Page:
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Poetry Breakfast

Serving a little poetic nourishment every morning. Start your day with our new expanded menu. Poems, of course, are our specialty. But we will also be serving a fuller menu that includes poetry book reviews to feed poets' and poetry lovers' souls.

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Sonja Johanson

Dyslateral – A Poem by Sonja Johanson

Dyslateral

Never really could tell which way people meant.
I understand the concept, I truly do, but which
foot to kick the ball with, which way to turn at
the second light, which column in the paper – I’m
not ever going to get it. Do you mean from your
side looking at me, or from my side looking at you?

I could tell you if you really meant vocation or
avocation and when to use whom instead of who;
could determine by smell if there was enough salt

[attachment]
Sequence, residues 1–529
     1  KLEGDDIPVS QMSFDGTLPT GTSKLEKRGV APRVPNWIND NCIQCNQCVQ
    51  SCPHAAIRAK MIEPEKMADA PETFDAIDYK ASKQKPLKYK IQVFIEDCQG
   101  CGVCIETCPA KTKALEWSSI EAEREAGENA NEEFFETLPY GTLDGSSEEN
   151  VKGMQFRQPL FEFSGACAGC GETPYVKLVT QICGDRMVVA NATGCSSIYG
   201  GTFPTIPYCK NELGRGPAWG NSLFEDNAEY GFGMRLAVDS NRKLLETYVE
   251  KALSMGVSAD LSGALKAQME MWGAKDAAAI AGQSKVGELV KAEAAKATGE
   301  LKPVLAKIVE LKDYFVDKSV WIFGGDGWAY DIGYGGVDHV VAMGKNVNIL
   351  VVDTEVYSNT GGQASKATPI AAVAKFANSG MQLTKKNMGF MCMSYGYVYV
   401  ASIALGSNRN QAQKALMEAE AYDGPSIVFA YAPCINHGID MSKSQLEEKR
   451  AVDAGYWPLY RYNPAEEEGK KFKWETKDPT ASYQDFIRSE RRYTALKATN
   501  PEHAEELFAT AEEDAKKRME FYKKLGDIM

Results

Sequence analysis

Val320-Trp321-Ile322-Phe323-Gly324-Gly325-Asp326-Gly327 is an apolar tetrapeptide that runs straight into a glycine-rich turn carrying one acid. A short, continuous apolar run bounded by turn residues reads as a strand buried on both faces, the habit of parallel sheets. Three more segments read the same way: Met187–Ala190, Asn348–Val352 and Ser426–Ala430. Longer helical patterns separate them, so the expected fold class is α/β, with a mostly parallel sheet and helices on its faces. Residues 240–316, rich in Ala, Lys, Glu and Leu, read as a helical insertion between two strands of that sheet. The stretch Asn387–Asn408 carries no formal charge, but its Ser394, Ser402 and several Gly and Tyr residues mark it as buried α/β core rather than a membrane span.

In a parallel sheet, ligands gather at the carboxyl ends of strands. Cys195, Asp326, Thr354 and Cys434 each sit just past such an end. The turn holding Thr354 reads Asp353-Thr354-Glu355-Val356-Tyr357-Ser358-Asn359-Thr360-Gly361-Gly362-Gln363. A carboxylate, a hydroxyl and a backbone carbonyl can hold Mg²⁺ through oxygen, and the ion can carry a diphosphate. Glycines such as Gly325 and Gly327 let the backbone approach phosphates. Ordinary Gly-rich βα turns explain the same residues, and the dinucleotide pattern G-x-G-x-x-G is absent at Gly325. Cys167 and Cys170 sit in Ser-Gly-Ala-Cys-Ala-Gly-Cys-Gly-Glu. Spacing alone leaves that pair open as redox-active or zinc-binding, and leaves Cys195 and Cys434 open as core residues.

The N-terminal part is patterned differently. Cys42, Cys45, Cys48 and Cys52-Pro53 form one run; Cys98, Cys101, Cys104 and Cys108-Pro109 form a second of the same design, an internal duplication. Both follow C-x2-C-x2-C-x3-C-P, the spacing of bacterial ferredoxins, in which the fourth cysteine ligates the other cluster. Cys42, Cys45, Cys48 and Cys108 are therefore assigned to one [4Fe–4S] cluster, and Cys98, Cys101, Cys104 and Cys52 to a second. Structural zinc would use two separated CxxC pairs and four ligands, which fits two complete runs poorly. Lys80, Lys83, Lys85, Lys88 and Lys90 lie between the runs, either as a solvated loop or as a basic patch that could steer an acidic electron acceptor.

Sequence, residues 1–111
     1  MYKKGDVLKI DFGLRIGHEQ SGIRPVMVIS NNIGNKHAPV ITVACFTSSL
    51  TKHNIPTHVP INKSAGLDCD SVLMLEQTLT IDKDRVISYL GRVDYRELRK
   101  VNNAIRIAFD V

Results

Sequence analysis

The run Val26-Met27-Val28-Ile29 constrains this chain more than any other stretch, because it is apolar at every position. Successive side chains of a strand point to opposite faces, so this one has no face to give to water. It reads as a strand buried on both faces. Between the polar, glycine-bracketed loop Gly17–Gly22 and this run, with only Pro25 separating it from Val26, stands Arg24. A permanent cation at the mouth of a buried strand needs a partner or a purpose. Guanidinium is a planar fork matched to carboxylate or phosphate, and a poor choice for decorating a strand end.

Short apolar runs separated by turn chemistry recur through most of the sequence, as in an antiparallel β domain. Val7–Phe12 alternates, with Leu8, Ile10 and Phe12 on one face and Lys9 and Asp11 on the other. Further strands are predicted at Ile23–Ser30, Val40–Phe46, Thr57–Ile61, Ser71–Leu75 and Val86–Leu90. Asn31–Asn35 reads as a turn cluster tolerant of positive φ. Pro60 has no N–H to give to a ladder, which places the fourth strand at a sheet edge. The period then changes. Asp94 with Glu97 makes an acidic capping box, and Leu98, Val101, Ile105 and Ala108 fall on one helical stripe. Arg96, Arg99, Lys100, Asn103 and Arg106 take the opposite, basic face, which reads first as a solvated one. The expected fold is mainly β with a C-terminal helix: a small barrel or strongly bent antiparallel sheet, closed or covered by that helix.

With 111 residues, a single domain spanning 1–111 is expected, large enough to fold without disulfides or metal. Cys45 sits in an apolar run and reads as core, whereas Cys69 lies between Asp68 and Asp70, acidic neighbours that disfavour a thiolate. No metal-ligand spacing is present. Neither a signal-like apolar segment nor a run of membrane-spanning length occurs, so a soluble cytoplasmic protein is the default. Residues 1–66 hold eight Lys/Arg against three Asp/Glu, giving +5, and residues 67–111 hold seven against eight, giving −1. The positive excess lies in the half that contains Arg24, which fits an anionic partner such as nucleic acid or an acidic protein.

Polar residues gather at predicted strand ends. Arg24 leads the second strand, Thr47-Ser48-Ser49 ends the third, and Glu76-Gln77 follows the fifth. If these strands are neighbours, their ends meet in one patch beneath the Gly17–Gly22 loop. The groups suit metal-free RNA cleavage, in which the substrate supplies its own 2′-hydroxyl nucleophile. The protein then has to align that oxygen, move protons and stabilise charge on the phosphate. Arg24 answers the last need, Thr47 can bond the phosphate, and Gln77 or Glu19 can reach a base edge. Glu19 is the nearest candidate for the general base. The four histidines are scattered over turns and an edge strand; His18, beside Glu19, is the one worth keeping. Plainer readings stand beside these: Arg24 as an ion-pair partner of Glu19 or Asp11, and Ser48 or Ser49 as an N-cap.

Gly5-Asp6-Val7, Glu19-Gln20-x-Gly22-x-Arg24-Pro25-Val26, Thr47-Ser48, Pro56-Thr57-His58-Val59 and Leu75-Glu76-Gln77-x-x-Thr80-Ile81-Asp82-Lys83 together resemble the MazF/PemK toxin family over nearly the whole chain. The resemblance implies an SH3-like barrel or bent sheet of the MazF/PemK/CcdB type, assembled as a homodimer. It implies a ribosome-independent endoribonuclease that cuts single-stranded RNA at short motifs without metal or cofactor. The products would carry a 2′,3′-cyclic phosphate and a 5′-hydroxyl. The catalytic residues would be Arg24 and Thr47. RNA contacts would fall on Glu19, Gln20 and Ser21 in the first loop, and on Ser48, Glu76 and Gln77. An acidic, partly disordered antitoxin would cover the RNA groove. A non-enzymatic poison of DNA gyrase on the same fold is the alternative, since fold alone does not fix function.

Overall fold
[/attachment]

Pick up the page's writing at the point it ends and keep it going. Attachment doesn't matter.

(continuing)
in the sauce, could choose the exact shade of green
to match the wallpaper, but there was only half
a chance I would pull the lever you wanted me to.

My sister was fine with it. She would give me driving
directions saying “my way” or “your way” to guide
me. Now you’re trying to get me to a place I’ve
never been, and I’m looking at the road, but discreetly
rubbing my middle fingers, feeling for the callous I got
on my writing hand, back before we had computers.

 

 

This poem was originally published in Trees in Our Dooryards, Redbird Chapbooks. http://www.redbirdchapbooks.com/content/trees-our-dooryards

 

 

About the Poet:
Sonja Johanson has recent work appearing in the Best American Poetry blog, BOAAT,  Epiphany,  and The Writer’s Almanac.  She is a contributing editor at the Found Poetry Review, and the author of Impossible Dovetail (IDES, Silver Birch Press), all those ragged scars (Choose the Sword Press), and Trees in Our Dooryards (Redbird Chapbooks).  Sonja divides her time between work in Massachusetts and her home in the mountains of western Maine. You can follow her work at www.sonjajohanson.net .

 

 

Poetry Breakfast accepts submissions of poetry and poetry related creative non-fiction year-round.  See our Submission Guidelines page for details on submitting your work.

Start your morning with a nourishing poem.  Follow us on  Twitter, Facebook, and  Tumblr,  and enjoy a new poem every morning straight to your feed.